Photograph by Scott Olson, Getty Images
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Water pools in rain-soaked farm fields on May 29, 2019 near Gardner, Illinois. This year, corn planting is the most delayed it's been in recorded U.S. history.

Photograph by Scott Olson, Getty Images

Midwest flooding is drowning corn and soy crops. Is climate change to blame?

This year's constant deluge of rain has led some to wonder if farmers are finally feeling the predicted impacts of a warming world.

Seen from above, the Midwestern U.S. looks more like a marsh than the fertile fields that grow some of the nation’s most lucrative crops. That’s because this spring has been one of the rainiest on record for the region. As a result, many farmers have been forced to leave their fields empty.

And though it’s difficult to link one single weather event to climate change, climate scientists say the devasting rains falling over the Midwest are exactly in line with what they’ve been predicting.

“Overall, it’s climate change,” says Donald Wuebbles, an atmospheric scientist at the University of Illinois at Urbana-Champaign. “We expect an increase in total precipitation in the Midwest, especially in winter and spring, with more coming as larger events.”

A closing window

Depending on the state, early June is the latest corn can be planted and mid-June is the latest soybeans can be planted. After that, temperatures climb too high and rain falls too little for the crop to be successful.

The U.S. Department of Agriculture monitors crop progress during the planting season, and on May 28 they reported that only 58 percent of the corn that could be planted was in the ground. For soybeans, it was only 29 percent. That's a big deal for U.S. farmers who supply a quarter of the world's grains, a category that includes corn, wheat, and rice.

Farmers took to Twitter to document the disastrous impacts of rain. Using the hashtag #noplant19, they showed flat plains full of water.

Warming air leads to more water

“When you warm up the atmosphere, the atmosphere can hold more moisture,” says David Easterling, the chief of the scientific services devision at the National Ocean and Atmospheric Administration.

He explains that much of the rain falling over midwestern states originated in the skies over the Gulf of Mexico, where waters have warmed. As that atmosphere above the gulf warms, it’s capable of holding more moisture, which it will ultimately dump somewhere. Last year, major flooding left behind by hurricanes was attributed to climate change-induced warming.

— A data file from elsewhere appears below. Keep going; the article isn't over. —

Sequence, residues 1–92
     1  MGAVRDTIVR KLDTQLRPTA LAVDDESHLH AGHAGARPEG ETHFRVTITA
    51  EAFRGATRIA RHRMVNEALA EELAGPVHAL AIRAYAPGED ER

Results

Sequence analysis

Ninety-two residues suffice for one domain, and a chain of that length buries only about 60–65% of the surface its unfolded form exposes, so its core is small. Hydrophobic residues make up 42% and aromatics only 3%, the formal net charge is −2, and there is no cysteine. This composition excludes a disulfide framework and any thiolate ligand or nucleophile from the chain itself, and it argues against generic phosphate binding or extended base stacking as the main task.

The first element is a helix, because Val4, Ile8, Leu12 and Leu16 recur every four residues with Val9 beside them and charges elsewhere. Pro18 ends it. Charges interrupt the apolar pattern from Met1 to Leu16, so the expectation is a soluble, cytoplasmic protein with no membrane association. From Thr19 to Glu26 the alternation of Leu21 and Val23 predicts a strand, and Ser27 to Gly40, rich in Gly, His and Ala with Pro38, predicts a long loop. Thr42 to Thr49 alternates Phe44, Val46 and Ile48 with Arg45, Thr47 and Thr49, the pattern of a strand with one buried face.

In the most recently published National Climate Assessment, in 2018, for which Easterling served as the director for the technical support unit, researchers concluded that the U.S. would face more catastrophic flooding that would affect infrastructure and crops.

“As you continue to warm the atmosphere, you can expect to see more of these extreme events in the future,” he says.

Rain does more than just prevent crops from being put in the ground. Once planted, the roots can be damaged by too much moisture, making it difficult for the plant to continue growing. One recently published study found that extreme rainfall can be just as bad for crops as drought or intense heat.

Impact on farmers and consumers

The economic impact facing farmers and consumers is uncertain, says Matthew Pots, an economist who studies corn, soybean, and wheat markets.

“A lot will depend on the growing season,” he says. “This crop could go anywhere. It will be below trend line and will depend on summer weather. It's going to be pollinating at a hot time, which could stress the crop as well.”

Corn used in cattle feed will likely be more expensive, he says, alluding that the poor harvest will trickle into other industries and drive up some prices in the grocery stores.

As if this season's rain wasn't bad enough, farmers are also bearing the brunt of a trade war. In response to tariffs imposed by the Trump administration on Chinese imports last May, China has refused to buy U.S. crops like soy. Many farmers stock both corn and soybean seeds and turn to soy when they're unable to fully plant corn. Without China, the market for that soy has shrunk.

"We are living climate change right now," says Evan DeLucia, a plant biologist at the University of Illinois at Urbana-Champaign. He notes that geneticists can modify crops to withstand floods and drought, but creating a plant that can do both will be challenging.

Pot says he hasn't yet seen climate change push farmers to change their practices, but “after a year like this, do more people buy in [to climate change]? That could be possible.”